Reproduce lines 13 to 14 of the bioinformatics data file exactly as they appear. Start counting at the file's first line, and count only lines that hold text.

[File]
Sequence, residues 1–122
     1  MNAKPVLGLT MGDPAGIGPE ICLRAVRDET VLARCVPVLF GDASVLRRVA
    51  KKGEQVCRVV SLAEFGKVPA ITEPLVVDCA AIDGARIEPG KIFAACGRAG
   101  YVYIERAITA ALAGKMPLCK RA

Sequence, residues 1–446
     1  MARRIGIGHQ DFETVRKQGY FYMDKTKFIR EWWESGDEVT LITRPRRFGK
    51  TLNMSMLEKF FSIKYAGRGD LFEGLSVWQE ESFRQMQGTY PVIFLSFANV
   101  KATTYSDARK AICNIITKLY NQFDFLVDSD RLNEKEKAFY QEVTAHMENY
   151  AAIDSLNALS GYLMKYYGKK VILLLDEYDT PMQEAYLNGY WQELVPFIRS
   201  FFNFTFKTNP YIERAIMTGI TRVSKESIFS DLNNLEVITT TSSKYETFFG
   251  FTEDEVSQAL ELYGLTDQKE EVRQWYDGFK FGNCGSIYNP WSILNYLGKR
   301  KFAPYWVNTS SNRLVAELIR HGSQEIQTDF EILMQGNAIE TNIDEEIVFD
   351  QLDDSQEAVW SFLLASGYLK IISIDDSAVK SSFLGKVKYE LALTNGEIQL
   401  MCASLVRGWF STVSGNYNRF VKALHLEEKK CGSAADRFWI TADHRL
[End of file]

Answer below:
   351  QLDDSQEAVW SFLLASGYLK IISIDDSAVK SSFLGKVKYE LALTNGEIQL
   401  MCASLVRGWF STVSGNYNRF VKALHLEEKK CGSAADRFWI TADHRL